Synonyms for frontfrʌnt
This thesaurus page is about all possible synonyms and antonyms for the word front
front, front end, forepart(noun)
the side that is forward or prominent
battlefront, front, front line(noun)
the line along which opposing armies face each other
the outward appearance of a person
the side that is seen or that goes first
front man, front, figurehead, nominal head, straw man, strawman(noun)
a person used as a cover for some questionable activity
a sphere of activity involving effort
(meteorology) the atmospheric phenomenon created at the boundary between two different air masses
the immediate proximity of someone or something
the part of something that is nearest to the normal viewer
movement, social movement, front(adj)
a group of people with a common ideology who try together to achieve certain general goals
front man, straw man, apparent motion, bm, bowel movement, battlefront, crusade, drive, effort, front, move, movement, campaign, presence, drift, front line, apparent movement, figurehead, trend, nominal head, motion, cause, social movement, front end, strawman, motility, forepart
relating to or located in the front
front, look, face(verb)
be oriented in a certain direction, often with respect to another reference point; be opposite to
front(noun)To assume false or disingenuous appearances.
put on airs
front(noun)to appear before, as in to front court.
front(noun)Located at or near the front.
front(noun)Of a vowel pronounced near the tip of the tongue.
front(noun)To face up to, to meet head-on, to confront.
front(noun)To adorn the front of; to have on the front.
front(noun)To pronounce with the tongue in a front position.
front(noun)To move (a word or clause) to the start of a sentence.
front(noun)To act as a front (for); to cover (for).
front(noun)To lead or be the spokesperson of (a campaign, organisation etc.).
front(verb)To provide money or financial assistance in advance to.
English Synonyms and Antonyms, by James Champlin Fernald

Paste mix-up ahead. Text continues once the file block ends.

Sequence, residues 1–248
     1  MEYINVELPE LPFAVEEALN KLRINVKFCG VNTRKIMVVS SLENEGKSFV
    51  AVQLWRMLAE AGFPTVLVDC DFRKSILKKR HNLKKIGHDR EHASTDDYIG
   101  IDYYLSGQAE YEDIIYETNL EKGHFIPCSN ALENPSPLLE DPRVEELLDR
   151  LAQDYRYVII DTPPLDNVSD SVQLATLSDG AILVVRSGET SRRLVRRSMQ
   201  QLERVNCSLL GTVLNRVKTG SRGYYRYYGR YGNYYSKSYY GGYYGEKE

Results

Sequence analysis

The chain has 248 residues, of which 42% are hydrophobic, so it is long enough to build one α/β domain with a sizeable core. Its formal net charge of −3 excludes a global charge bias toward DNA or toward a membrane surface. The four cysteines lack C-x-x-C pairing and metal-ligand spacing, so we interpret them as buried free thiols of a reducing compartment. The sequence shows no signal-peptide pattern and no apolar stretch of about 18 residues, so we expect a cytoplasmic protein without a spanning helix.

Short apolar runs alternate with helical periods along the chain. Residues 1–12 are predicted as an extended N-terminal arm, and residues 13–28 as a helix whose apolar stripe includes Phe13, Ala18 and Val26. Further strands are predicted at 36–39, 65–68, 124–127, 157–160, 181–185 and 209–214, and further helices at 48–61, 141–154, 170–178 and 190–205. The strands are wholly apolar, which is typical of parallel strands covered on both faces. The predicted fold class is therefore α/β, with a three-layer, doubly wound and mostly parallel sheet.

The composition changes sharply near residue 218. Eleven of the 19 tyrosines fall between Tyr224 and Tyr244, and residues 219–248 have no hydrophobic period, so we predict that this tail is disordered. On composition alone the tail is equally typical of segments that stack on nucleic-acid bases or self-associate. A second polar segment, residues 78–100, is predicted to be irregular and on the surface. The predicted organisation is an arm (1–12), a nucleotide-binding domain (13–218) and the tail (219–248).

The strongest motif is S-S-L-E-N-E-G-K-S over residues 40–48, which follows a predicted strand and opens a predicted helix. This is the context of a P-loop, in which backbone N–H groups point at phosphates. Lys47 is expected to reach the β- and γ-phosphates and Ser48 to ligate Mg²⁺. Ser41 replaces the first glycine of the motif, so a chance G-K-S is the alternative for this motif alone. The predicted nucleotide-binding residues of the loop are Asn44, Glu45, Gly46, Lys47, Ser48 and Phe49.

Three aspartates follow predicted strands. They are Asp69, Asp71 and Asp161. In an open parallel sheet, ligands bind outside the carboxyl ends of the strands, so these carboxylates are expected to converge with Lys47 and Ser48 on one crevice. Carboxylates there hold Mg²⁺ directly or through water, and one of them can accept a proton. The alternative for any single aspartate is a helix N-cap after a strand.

Antecedent may denote simple priority in time, implying no direct connection between that which goes before and that which follows; as, the striking of one clock may be always antecedent to the striking of another with no causal connection between them. Antecedent and previous may refer to that which goes or happens at any distance in advance, preceding is limited to that which is immediately or next before; an antecedent event may have happened at any time before; the preceding transaction is the one completed just before the one with which it is compared; a previous statement or chapter may be in any part of the book that has gone before; the preceding statement or chapter comes next before without an interval. Previous often signifies first by right; as, a previous engagement. Foregoing is used only of that which is spoken or written; as, the foregoing statements. Anterior, while it can be used of time, is coming to be employed chiefly with reference to place; as the anterior lobes of the brain. Prior bears exclusive reference to time, and commonly where that which is first in time is first also in right; as, a prior demand. Former is used of time, or of position in written or printed matter, not of space in general. We can say former times, a former chapter, etc., but not the former part of a garden; we should say the front part of the garden, the forward car of a train. Former has a close relation, or sharp contrast, with something following; the former always implies the latter, even when not fully expressed, as in Acts i, 1, and Eccles. vii, 10.
Such was the state of things previous to the revolution. [Previous to is often used adverbially, in constructions where previously to would be more strictly correct; as, these arrangements were made previous to my departure.]
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